KryptoPhone uses ZRTP to provide real-time end-to-end encryption for VoIP calls.
ZRTP, an acronym for Zimmermann Real-time Transport Protocol, is a cryptographic key-agreement protocol meant to negotiate the keys for encryption between two end points in Voice-over-Internet-Protocol (VoIP) telephony call based on Real-time Transport Protocol.
ZRTP uses Diffie-Hellman (DH) key exchange and the Secure Real-time Transport Protocol (SRTP) for encryption.
The protocol was developed by Phil Zimmermann with help from Bryce Wilcox-O'Hearn, Colin Plumb, Jon Callas and Alan Johnston. ZRTP is published in RFC 6189.
The introduction page of RFC 6189 explains ZRTP as below:
“ZRTP is a key agreement protocol that performs a Diffie-Hellman key exchange during call setup in the media path and is transported over the same port as the Real-time Transport Protocol (RTP) media stream which has been established using a signaling protocol such as Session Initiation Protocol (SIP). This generates a shared secret, which is then used to generate keys and salt for a Secure RTP (SRTP) session.”
The protocol can be broken down into 4 phases:
Discovery and Protocol Negotiation
Diffie-Hellman Key Establishment
Session Key Confirmation
Secure Communication Session
Discovery and Protocol Negotiation:
In the Discovery and Protocol Negotiation phase, the initiator and the responder exchange ZRTP identifiers, supported ZRTP versions, and other details like hash functions, ciphers, authorization tag length, key agreement types and SAS algorithms. The messages exchanged in this phase (F1 – F4) are called Hello messages.
After the Hello messages (F1 – F4) are exchanged, the initiator sends a Commit message (F5) to the responder, and drives the key agreement exchange. The Commit message includes the protocol details that would be used, details like hash function, cipher, authorization tag length, key agreement type, and SAS algorithm.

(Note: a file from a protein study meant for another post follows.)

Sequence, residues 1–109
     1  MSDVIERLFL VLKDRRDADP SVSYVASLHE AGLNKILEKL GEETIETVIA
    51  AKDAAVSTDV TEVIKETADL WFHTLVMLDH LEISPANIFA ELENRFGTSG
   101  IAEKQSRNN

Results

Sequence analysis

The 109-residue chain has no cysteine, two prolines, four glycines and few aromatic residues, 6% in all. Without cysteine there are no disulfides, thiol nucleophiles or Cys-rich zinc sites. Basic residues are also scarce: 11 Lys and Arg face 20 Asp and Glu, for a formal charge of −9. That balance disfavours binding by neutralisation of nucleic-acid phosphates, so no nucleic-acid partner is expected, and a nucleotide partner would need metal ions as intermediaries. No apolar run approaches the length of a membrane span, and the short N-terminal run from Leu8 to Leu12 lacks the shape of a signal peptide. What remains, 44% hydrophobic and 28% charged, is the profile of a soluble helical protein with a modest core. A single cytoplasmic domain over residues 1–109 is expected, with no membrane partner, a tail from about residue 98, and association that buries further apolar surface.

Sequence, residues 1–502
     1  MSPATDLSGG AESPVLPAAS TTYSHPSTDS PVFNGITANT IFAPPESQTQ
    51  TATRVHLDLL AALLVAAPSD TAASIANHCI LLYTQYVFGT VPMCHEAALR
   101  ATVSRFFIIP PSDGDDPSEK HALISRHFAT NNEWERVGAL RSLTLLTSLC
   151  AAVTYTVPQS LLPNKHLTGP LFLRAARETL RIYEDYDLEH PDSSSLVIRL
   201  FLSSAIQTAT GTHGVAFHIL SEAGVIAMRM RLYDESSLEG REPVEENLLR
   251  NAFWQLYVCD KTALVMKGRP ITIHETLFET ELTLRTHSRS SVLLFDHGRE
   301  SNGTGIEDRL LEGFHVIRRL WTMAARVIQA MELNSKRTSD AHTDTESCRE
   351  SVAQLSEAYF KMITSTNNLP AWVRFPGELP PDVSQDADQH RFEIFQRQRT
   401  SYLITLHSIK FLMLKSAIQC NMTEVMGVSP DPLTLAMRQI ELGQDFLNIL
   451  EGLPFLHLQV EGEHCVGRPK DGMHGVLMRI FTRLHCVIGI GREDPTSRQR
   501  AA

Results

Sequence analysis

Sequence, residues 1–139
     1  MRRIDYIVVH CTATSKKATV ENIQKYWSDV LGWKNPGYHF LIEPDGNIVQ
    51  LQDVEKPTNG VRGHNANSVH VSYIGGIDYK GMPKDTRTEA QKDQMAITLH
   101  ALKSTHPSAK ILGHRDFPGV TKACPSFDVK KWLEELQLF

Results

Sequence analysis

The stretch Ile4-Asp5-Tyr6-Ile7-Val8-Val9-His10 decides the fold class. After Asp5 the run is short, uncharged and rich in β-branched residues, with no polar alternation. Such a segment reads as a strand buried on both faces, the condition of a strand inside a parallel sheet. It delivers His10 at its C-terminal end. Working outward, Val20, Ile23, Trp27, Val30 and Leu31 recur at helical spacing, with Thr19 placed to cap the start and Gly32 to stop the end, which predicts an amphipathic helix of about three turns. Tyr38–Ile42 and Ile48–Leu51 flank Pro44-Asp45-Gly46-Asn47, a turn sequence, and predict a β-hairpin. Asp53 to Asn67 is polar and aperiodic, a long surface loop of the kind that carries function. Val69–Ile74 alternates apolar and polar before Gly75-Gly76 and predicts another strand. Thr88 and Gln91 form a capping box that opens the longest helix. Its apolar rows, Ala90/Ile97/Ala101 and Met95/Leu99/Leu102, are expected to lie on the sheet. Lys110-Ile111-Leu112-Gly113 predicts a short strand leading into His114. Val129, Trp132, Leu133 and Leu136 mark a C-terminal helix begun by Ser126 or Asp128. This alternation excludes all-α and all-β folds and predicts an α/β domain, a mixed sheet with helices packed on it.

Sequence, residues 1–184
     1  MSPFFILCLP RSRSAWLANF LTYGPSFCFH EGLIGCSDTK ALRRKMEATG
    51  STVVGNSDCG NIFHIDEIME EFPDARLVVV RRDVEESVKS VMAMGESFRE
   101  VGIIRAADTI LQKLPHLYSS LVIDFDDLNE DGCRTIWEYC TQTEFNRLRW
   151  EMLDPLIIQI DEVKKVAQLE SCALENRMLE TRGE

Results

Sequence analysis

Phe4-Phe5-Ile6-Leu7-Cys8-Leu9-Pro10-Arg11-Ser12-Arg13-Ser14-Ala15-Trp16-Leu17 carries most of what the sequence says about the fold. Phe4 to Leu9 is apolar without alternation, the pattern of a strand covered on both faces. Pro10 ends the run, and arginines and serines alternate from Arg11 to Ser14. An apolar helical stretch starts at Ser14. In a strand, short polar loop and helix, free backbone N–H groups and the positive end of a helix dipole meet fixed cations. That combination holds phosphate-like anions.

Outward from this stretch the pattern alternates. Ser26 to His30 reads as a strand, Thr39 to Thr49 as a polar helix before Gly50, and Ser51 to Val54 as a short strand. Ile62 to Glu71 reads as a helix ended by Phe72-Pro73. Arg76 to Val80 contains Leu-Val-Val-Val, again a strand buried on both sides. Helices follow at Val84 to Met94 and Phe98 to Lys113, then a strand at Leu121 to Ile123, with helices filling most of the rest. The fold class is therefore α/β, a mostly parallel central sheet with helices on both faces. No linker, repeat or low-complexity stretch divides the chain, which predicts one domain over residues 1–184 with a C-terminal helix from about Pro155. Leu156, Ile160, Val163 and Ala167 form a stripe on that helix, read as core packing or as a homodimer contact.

Diffie-Hellman Key Establishment:
The initiator needs to generate its ephemeral key pair before sending the Commit, and the responder generates its key pair before sending a message called DHPart1.
The Diffie-Hellman public values are exchanged in the DHPart1 and DHPart2 messages.
Session Key Confirmation:
ZRTP requires to generate new Diffie-Helman key pairs for each session. Initiator and Responder generate SRTP keys. SRTP keys and salts are then calculated. Both parties confirm that have agreed on the same key which is done via confirmation messages.
Confirmation messages Confirm1 (F8), Confirm2 (F9) and Conf2ACK (F10) are exchanged between the initiator and the responder.
Secure Communication Session:
A secure communication session (SRTP begins) is established after the session confirmation. The two parties, the initiator and the responder, can now communicate securely.